Singapore General Election 2016: The Group Representation Constituency (Article first published on Singapore2B).
The Group Representation Constituency
Singapore switched to a mix of Group Representation Constituency (GRC) and Single Member Constituency (SMC) in the 1988 elections after the PAP-dominant Parliament amended the relevant acts to allow for such electoral grouping. Originally, GRCs were 3-member constituencies of which at least one member had to be a minority to ensure that the minorities were represented in Parliament. This meant that political parties had to field teams of candidates in the GRC, and with weak opposition parties who could barely win single seats, finding a credible team of opposition candidates was highly unlikely.
In the 1988 elections, there were 13 GRCs, and 42 SMCs for a total of 81 seats. Only two PAP minority candidates stood in SMC (Abdullah Tarmugi, and S. Dhanabalan) but they were established MPs (Dhanabalan was a Minister).
Ostensibly, the GRC system was to ensure minority representation in Parliament.
The Singapore government policies actively prevents the formation of ethnic enclaves with housing rules. Hence it would not be possible for a constituency to be predominantly or even significantly Malay or Indian and so guarantee or increase the chances of a minority candidate there.
While the PAP was the default choice (up to 1981), it ensured that its slate of MPs were representative of the ground, and included minority candidates. However, as the opposition started to break the complete deadlock of the PAP, their explicit concern was that PAP minority candidates could be disadvantaged at the polls, and vulnerable to chauvinistic attacks. Although to be fair, the first to break the PAP absolute dominance, was a minority.
In 1981 J.B.Jeyaretnam broke the PAP's hitherto clean sweep of Parliament. JBJ was a veteran campaigner, but until 1981 had been unsuccessful in trying to break into parliament. He was well-known and well-loved for connecting with the common man and championing their causes. At his wake there were many stories of his generosity and kindness to the common man. So although a member of a minority, he had invested years of campaigning and connecting with the people on the ground to win that by-election.
However, since his win, all opposition candidates who managed to be elected were uniformly Chinese, heartlander- and grassroot-type candidates.
MPs like Chiam See Tong, Low Thia Khiang, Ling How Doong, and Cheo Chai Chen were all Chinese MPs who appealed to the Chinese-majority heartlander and were identified with them.
Low Thia Kiang worked the ground to win Hougang, but his ace card was his ability to connect to the people with his fluency in Teochew. PAP subsequently fielded a candidate (Eric Low) in Hougang who is also fluent in Teochew!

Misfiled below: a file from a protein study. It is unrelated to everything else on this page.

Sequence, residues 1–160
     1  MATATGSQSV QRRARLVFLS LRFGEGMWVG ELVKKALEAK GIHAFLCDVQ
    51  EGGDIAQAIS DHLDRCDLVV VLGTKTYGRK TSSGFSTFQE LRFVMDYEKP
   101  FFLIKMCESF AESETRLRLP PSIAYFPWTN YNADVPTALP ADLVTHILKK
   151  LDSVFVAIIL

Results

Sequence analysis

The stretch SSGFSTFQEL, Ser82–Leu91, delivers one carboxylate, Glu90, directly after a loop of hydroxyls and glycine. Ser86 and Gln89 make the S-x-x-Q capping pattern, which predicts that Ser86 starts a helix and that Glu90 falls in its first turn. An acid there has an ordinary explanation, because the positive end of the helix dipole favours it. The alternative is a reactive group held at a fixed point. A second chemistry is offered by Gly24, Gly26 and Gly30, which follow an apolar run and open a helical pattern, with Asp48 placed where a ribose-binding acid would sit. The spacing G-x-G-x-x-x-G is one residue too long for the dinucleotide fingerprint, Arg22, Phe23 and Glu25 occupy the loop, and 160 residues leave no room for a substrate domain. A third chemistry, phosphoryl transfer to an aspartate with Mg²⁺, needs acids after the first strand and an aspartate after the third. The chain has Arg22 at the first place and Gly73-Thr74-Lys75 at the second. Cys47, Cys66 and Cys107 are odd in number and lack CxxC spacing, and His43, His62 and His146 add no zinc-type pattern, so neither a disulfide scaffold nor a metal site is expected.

Ling How Doong, a grassroot-type MP beat Seet Ai Mee, seen as an elite and upper-class. The story of her washing her hands after shaking hands with a fish-monger may have been debunked subsequently, but it was telling that many people (even SM Goh Chok Tong!) believed it. It speaks to her "atas" public image.
Cheo Chai Chen who won Nee Soon Central in 1991 was also a grassroot-type, non-elite, non-high-flyer MP (he was/is a businessman). He won by just 168 votes so maybe it was a bit of a fluke, but he match the general profile of opposition MPs.
However, the trigger for the GRC may have been the lost of Potong Pasir.
In 1984, Chiam See Tong defeated Mah Bow Tan in spite of, or perhaps even because of then-PM Lee Kuan Yew's campaigning for Mah. Lee had compared the sterling scholarship of Mah with the late bloomer achievement of Chiam (who got his law degree at 40). Mah lost that election to Chiam the hardworking, heartlander who had built up his base of supporters in Potong Pasir and with whom the voters identified with. After all, how many of us are scholars, and how many of us struggle in our studies and sometimes hope or plan to further our studies, acquire new credentials and get a second chance, a second career?
Singaporeans, and in particular, voters in Potong Pasir identified with Chiam. Few had sympathies or affinity for Mah.
However, Mah was earmarked for bigger things and his loss at the election delayed plans for leadership changes. Mah later benefited from the GRC scheme, contesting on the Tampines GRC slate.
PAP may also have realised that their technocrats, the leaders that they intend to bring into parliament and eventually take up ministerial posts, may be able men (they keep losing women ministers at elections), but are hopeless at elections. They speak facts and figures, but are unable to generate hope and aspirations. They can speak of plans and schemes, but fail to provide vision and dreams.